Today, even though we are in what environmental scientists are calling a “carbon desert” and warning if it drops any further green areas of the Earth will turn brown. By a “carbon desert” they mean there is barely enough carbon in the air to feed the plant life on the earth, they breathe in carbon and we depend upon for food and oxygen. If agricultural lands stop producing because of low carbon the deaths may be enough to make those who want to depopulate the Earth happy.

I am not what I would call a conservative. I know we can’t go back we must go forward. I just want to ensure that we move forward on a firm foundation of the knowledge upon which Western Civilization was founded so that future generations don’t have to relearn truths that we already have proved and know.

Victor Davis Hanson has many more examples of our collapse into a new peasantry but you will need to read the book to get them. He also discusses our over reliance on experts who wave credentials to substantiate their theories. Saying on page 49 that: “The philosophical theories and economic tenets of elties were no doubt based upon logical premises, but often they guided public policy with little concern about their effects on real people.” He cites how philosopher Eric Hoffer “some seventy years ago could see the future contours of a working class regulated, controlled, and yet ridiculed by a new intellectual and bureaucratic elite…they are an army of scribes clamoring for a society in which planning, regulation, and supervision are paramount and the prerogative of the educated.”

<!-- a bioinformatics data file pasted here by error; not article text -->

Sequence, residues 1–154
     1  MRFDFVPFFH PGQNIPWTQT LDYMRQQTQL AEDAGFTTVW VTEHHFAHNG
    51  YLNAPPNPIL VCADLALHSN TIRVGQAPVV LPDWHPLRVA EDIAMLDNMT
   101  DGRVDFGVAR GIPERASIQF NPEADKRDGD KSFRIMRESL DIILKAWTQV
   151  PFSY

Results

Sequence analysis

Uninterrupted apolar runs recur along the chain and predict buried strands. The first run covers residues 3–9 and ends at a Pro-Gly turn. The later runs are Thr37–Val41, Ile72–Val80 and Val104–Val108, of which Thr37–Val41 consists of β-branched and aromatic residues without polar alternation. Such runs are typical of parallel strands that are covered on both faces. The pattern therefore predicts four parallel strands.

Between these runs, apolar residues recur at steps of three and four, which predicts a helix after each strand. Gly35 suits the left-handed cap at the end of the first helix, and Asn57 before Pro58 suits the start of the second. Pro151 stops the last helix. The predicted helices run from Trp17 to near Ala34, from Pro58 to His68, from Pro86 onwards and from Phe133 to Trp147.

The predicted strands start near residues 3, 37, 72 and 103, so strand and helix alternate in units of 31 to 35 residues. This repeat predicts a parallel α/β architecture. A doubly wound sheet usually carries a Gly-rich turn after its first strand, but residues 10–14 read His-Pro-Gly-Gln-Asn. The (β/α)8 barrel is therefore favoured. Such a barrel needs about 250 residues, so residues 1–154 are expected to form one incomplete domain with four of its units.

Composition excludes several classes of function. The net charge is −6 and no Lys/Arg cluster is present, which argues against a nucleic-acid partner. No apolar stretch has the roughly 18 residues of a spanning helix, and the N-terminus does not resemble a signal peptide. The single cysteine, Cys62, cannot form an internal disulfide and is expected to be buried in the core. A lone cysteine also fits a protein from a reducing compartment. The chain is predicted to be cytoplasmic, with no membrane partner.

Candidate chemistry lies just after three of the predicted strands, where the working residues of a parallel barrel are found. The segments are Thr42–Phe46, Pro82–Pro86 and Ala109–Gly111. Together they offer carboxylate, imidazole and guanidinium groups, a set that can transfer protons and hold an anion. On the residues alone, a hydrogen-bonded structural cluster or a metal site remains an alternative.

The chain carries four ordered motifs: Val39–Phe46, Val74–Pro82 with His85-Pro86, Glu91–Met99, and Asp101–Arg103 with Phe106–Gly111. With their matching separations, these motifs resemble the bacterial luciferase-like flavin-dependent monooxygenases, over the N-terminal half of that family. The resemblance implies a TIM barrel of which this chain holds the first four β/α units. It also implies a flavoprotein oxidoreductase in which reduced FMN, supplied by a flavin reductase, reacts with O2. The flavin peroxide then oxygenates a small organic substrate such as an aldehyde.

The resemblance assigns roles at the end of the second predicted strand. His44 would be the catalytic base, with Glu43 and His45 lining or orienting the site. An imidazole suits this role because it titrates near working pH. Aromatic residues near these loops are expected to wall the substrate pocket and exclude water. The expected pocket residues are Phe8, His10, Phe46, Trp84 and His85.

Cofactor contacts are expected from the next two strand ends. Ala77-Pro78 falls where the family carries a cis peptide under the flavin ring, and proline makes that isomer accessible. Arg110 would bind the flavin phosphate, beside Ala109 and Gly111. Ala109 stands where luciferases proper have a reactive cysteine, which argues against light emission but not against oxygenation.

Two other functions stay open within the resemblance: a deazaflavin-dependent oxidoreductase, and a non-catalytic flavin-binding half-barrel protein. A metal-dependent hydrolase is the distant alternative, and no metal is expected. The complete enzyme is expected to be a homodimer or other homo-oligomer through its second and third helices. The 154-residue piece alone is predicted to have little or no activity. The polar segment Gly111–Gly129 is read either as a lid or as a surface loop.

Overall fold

He takes a fair bit of time outlining how out of touch and uncaring the elite are to the plight of the common man. They cannot even understand it because they don’t live in the real world they live in the isolated halls of the rich and famous just as the elite of France did before the French Revolution. After discussing our artificial and disastrous dependency on elite educated “experts” who make decisions that are logical but destructive of our way of life. He writes that “a historical model is at work of the wealthy medieval keep, primarily among the coastal elite in such iconic enclaves a La Jolla, Malibu… Carmel, Pebble Beach…[and others] Great fortunes and privilege surround global cultural and commercial brand names ssuch as Apple, Caltech, eBay, Facebook, Gap, Google, Hewlett-Packard, Hollywood, Intel, Netflix, Oracle, Stanford, Walt Disney, Wells Fargok, and hundreds more that anchor a five-hundred-mile-long affluent California coastal belt.” p.59.

He contrasts how previous generations grew up with a freedom that current generations cannot really imagine. When he says: “Many of us who grew up on these farms were “free-range.” That is, in our preteen years from ages six to twelve, we roamed freely and unsupervised [in the safe environment,] throughout the vineyards and orchards of our neighboring family farms, watched over by the rural community.” This struck me because I remember ranging through several blocks, riding my bike to a friends house miles away, and being told to come home when the streetlights come on.